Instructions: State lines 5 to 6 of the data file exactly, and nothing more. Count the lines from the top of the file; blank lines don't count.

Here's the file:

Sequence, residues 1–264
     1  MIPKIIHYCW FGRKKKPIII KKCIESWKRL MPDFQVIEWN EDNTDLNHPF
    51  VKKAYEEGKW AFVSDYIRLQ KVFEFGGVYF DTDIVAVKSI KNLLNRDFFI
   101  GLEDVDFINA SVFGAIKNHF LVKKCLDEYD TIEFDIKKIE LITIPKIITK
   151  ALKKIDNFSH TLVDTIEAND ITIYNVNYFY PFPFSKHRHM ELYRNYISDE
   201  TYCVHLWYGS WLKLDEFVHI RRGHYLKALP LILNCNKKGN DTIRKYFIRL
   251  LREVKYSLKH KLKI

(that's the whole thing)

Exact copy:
   151  ALKKIDNFSH TLVDTIEAND ITIYNVNYFY PFPFSKHRHM ELYRNYISDE
   201  TYCVHLWYGS WLKLDEFVHI RRGHYLKALP LILNCNKKGN DTIRKYFIRL